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Monday, October 18, 2021

India’s air quality forecasting model gets global nod

Potential to be replicated in 128 cities with over million population.

By: Express News Service | Pune |
Updated: September 22, 2021 8:52:45 pm
Delhi air pollutionAccording to experts, the annual Particulate Matter 2.5 (PM 2.5) generated by all sources was the highest in Delhi (77 gigagrams/year) followed by Ahmedabad (57 Gg/year), Mumbai (45 Gg/year) and Pune (30 Gg/year).

The first official indigenous framework to forecast the quality of air in Delhi, Mumbai, Pune and Ahmedabad, as mandated under the National Clean Air Programme (NCAP) plan by the System of Air Quality and Weather Forecasting and Research (SAFAR), has been accepted internationally.

Now, India will no longer need to depend on any international air quality forecasting frameworks. “SAFAR’s forecasting model is comparable to the framework by the United States Environmental Protection Agency (US-EPA),” Dr Gufran Beig, SAFAR’s founder project director, told The Indian Express.

SAFAR chose to demonstrate its forecasting model in four different and contrasting micro-climates of Indian cities — Delhi, Mumbai, Pune and Ahmedabad. Officials confirm that this framework can be easily replicated in 132 cities across the country with a population of over 10 lakh.

“The prototype can be scaled up to the remaining 128 non-attainment cities of India as per the commitment to NCAP,” said Beig. Non-attainment cities are those that do not meet the prescribed air quality standards set by the Union environment ministry.

The framework and its findings, developed under the Union Earth Sciences Ministry, meant for citizens, decision makers and researchers, were recently published in the peer-reviewed Environment Modelling and Software of the Elsevier Journal. The research paper, ‘India’s maiden air quality forecasting framework for megacities of divergent environments: The SAFAR-project’, was led by the Indian Institute of Tropical Meteorology (IITM-Pune) in association with the India Meteorological Department and Utkal University, Bhubaneshwar.

India has 132 non-attainment/million-plus cities under its NCAP programme, which seeks to achieve a 20 per cent to 30 per cent reduction in Particulate Matter (PM) concentrations by 2024 keeping 2017 as the base year.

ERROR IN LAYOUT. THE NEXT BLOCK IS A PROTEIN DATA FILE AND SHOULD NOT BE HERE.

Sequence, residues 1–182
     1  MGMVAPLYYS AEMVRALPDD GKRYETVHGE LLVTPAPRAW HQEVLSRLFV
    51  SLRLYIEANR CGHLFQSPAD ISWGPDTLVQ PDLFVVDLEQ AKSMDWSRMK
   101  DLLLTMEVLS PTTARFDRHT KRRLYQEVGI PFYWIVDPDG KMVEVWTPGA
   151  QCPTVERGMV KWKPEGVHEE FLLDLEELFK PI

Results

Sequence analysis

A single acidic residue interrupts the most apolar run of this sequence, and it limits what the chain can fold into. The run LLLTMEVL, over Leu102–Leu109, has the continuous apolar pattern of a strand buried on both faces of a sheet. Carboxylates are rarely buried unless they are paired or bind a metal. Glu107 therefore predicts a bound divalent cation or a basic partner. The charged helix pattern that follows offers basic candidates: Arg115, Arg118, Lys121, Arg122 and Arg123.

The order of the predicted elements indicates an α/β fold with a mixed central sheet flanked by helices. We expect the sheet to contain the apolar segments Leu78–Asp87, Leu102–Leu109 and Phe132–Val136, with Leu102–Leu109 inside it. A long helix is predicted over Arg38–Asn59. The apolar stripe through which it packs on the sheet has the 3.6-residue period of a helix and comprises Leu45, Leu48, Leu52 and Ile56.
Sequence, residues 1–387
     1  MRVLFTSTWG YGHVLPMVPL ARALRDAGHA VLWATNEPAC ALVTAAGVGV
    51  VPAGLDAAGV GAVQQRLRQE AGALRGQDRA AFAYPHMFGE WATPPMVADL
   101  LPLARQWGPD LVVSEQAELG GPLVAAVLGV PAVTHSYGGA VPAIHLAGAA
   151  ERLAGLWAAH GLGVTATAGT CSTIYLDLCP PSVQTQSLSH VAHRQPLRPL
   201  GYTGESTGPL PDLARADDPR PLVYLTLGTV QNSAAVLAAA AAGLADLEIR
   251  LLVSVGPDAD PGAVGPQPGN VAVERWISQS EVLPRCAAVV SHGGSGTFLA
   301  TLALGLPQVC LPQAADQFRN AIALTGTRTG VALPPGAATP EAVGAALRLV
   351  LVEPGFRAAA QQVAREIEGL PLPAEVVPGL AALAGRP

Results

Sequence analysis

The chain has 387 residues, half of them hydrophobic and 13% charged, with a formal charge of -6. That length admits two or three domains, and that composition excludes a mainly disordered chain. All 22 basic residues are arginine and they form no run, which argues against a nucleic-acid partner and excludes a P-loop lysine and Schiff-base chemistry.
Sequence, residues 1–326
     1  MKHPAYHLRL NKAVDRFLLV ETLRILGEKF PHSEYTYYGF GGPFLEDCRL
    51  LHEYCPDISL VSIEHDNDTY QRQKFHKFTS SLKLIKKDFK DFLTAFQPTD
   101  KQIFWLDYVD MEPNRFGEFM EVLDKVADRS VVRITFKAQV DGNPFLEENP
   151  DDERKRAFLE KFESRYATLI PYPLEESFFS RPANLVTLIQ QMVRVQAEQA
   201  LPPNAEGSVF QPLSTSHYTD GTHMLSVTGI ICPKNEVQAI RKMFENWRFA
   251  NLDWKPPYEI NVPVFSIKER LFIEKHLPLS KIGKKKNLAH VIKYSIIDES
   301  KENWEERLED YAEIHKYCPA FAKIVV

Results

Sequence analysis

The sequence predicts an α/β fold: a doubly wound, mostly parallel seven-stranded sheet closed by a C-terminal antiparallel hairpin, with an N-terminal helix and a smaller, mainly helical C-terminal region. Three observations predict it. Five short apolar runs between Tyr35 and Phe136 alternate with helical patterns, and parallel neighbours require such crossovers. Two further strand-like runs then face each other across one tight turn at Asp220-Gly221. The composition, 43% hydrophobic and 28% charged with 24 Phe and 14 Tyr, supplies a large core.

Beig said the SAFAR framework is a one-stop solution for air quality management leading up to mitigation, and also helps formulate micro-specific air action plans based on robust science.

“Using this forecasting model, all urban local bodies can also issue timely health advisories publicly to alert citizens on ‘bad air’ days, which will help save vulnerable groups from severe health impact of air pollution,” Beig said.

“The chaotic nature and complexity of air pollution itself makes prediction a challenging task, particularly in a city that is highly influenced by meteorology due to its geographical location, which is considered in this work,” Beig added.

According to a recent report — Air Quality Life Index (AQLI) 2019 — released by the Energy Policy Institute at the University of Chicago, air pollution is likely to reduce the life expectancy of 40 per cent of Indian citizens by more than nine years.

Air pollution inventory for four cities

According to the findings, the annual PM 2.5 generated by all sources was the highest in Delhi (77 gigagrams/year) followed by Ahmedabad (57 Gg/year), Mumbai (45 Gg/year) and Pune (30 Gg/year).

“High population density due to urbanisation is the main reason that directly or indirectly drives up PM 2.5 emissions in Delhi, Pune, Mumbai and Ahmedabad,” said Beig.

Despite having the least annual PM 2.5 level concentration, Pune stood second after Delhi with respect to emissions contributed by the transport sector — the main PM 2.5 contributor.

This has yet again emphasised the need for robust public transport in Pune and improving the overall transport facilities here. Considering its population — both of people and vehicles, the transport sector of Delhi contributed only 41 per cent towards the national capital’s pollution. At least 40 per cent of Pune’s pollution came from the transport sector.

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In Mumbai, uncontrolled combustion within the highly dense slum population was driving the PM 2.5, SAFAR noted. At 15.5 per cent, the biofuel combustion contribution was the highest in Mumbai and in Pune it was 11.4 per cent, in Ahmedabad 10.2 per cent and Delhi 3 per cent.

Industries contributed the highest towards air pollution in both Mumbai and Pune, which stood at 31.1 per cent and 21.6 per cent respectively in comparison to Ahmedabad (18.8 per cent) and Delhi (18.6 per cent).

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